“There is still a lot for me to do. I have only just moved in to that role in the centre so there is still a lot for me to learn and hopefully I can continue to do that.

“As long as I keep working hard on the pitch and in training hopefully that will come true.”

Some Spurs fans were aggrieved last season when former manager Harry Redknapp played Bale anywhere other than on the left wing, but he has impressed in his free role behind the striker this season.

“I’m still learning different parts of the game,” he said.

“If you are struggling on the left you can go to the centre, and if you are struggling there you can move to the right so it’s obviously great being able to play in a lot of positions and it does make you a better footballer.

“I have enjoyed playing all the positions. My favourite is probably the central role where you play behind the striker. There you can go left, right, short, deep. It’s a role I have enjoyed and hopefully can keep improving on.”

Best Spinning Shoes For Men

Best Spinning Shoes For Men

Spinning shoes for men can be difficult to choose; after all there are so many different types you can choose from. If you spend any time in the gym or just exercising then you know that having the right pair of shoes makes a huge difference.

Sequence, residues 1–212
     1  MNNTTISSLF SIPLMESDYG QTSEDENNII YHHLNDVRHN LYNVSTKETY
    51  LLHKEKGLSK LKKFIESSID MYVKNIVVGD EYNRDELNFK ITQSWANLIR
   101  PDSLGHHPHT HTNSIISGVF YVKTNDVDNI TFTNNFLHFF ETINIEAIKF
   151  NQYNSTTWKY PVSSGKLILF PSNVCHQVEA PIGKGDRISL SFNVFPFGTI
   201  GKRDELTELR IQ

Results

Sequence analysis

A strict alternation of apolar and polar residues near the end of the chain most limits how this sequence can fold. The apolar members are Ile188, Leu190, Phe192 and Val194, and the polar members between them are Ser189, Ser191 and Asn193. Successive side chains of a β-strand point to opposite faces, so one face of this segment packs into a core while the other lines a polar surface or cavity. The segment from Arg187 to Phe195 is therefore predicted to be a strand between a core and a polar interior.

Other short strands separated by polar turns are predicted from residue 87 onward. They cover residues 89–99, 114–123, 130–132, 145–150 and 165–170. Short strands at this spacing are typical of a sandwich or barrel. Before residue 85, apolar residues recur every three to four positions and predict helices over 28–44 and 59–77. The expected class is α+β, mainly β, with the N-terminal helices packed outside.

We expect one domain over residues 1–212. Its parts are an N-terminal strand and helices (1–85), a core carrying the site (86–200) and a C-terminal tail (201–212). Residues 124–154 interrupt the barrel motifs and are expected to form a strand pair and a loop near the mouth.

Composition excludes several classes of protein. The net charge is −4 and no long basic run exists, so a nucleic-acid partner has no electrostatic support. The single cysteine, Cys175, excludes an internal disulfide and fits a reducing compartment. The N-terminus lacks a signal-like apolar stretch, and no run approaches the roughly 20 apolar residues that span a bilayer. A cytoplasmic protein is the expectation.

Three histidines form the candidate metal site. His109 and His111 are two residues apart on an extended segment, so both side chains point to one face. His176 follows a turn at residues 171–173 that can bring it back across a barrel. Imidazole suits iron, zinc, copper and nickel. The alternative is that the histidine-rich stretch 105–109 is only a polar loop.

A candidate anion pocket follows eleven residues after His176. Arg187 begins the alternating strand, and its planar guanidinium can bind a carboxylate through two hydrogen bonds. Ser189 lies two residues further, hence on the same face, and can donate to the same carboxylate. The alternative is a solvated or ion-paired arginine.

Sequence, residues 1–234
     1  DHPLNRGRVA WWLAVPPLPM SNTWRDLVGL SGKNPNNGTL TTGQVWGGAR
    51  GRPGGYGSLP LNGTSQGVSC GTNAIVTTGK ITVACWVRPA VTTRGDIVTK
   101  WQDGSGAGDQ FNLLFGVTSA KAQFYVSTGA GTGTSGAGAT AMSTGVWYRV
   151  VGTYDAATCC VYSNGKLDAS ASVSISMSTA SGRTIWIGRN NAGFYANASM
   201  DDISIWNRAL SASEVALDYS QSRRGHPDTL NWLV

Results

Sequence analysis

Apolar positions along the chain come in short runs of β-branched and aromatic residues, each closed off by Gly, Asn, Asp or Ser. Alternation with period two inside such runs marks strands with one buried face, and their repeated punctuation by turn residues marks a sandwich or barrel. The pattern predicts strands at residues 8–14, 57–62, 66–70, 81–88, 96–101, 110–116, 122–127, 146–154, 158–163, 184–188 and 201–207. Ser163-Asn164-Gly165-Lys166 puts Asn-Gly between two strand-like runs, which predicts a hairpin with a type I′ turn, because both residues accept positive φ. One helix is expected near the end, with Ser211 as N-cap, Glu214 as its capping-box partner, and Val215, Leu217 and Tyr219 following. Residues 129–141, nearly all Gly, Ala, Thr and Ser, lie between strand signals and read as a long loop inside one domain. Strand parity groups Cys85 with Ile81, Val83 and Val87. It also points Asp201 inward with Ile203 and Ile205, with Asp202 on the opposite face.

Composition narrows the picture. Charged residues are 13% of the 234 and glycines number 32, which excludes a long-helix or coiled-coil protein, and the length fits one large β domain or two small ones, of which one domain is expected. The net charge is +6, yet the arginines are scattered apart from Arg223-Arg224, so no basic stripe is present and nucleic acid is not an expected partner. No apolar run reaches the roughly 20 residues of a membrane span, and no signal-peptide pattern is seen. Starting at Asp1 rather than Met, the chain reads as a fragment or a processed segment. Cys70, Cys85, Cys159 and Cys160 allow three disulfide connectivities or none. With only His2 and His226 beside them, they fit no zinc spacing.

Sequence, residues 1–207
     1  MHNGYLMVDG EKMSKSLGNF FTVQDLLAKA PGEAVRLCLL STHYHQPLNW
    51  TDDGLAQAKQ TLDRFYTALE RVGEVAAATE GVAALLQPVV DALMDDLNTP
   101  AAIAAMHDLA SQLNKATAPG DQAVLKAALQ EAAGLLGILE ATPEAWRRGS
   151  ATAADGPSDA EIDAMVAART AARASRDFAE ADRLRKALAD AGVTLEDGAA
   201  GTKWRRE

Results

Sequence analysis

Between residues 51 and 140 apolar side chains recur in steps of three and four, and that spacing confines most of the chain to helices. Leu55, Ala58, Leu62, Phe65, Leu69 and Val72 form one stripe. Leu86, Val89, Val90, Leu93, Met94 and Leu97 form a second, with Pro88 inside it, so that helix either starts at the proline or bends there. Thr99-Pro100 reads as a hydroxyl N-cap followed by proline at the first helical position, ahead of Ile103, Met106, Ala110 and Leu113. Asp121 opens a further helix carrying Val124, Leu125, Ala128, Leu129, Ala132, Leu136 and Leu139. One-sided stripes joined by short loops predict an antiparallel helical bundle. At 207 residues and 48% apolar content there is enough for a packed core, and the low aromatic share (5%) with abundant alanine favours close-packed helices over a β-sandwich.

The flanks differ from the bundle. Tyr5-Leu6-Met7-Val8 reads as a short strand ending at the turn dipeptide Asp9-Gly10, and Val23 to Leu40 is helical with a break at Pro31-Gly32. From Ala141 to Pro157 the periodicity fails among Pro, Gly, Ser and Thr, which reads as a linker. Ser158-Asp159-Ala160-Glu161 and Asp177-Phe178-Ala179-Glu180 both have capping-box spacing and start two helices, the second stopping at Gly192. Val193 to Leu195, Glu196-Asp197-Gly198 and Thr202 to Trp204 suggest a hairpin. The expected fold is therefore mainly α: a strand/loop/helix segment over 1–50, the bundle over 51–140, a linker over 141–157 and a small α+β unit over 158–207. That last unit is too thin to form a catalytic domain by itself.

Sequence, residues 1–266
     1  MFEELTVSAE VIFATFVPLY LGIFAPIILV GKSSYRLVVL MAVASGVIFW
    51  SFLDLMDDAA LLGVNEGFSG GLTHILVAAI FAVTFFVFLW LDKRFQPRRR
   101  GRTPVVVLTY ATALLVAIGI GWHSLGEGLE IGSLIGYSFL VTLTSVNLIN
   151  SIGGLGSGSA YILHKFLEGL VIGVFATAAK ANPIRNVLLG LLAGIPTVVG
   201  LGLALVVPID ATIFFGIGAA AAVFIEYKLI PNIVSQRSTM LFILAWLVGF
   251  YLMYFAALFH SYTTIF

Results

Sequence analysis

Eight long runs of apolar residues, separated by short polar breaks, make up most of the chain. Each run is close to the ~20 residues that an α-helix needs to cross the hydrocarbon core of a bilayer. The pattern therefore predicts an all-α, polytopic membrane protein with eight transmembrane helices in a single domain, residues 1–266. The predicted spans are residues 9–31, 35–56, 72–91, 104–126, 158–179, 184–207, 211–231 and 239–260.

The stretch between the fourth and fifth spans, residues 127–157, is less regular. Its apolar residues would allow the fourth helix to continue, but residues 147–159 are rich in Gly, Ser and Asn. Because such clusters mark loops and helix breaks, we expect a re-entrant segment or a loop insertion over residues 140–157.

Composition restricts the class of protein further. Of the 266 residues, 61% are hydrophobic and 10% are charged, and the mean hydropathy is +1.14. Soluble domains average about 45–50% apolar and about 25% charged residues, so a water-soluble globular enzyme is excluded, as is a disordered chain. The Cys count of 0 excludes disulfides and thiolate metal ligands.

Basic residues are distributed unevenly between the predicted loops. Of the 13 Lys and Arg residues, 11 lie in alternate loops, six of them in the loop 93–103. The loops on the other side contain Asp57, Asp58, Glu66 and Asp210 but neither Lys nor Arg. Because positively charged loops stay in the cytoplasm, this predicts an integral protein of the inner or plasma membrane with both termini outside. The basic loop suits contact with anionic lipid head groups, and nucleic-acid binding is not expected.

Anyone who has ever enrolled in any type of spinning class, understands that it can be vigorous. If you do not have the right pair of shoes, you could end up with some really sore feet afterwards.

We all should be exercising more often; however most of us tend to make up excuses. Spinning classes can be a great way to stay in shape with your family and friends. However you want to ensure that you have the right shoes before you begin your first class. These shoes are extremely comfortable and will help you get the most of your exercise class.

If you don’t have a bike don’t let it stop you! We can get you a Star Trac just like we use in the Studio and at a great rate!

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If you enjoy attending spin classes but have not found the right shoes yet; then you should check out these shoes. They will fit perfectly in your gym bag and provide you optimal support while you are cycling away.

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Benefits of Storing Luggage for Any Occasion

Benefits of Storing Luggage for Any Occasion

Getting away on a trip can be a most exciting time for anyone who is planning a holiday or vacation. One of the many important things to arrange is for the placement of your luggage. Some people do not mind paying the high fees associated with carrying luggage on a flight, cruise or train. Most people, however, do not have money to give away and want to create savings on luggage storing for any occasion and keep more money in their pockets. There are many other benefits of storing luggage for any occasion where luggage needs to be taken along for the trip.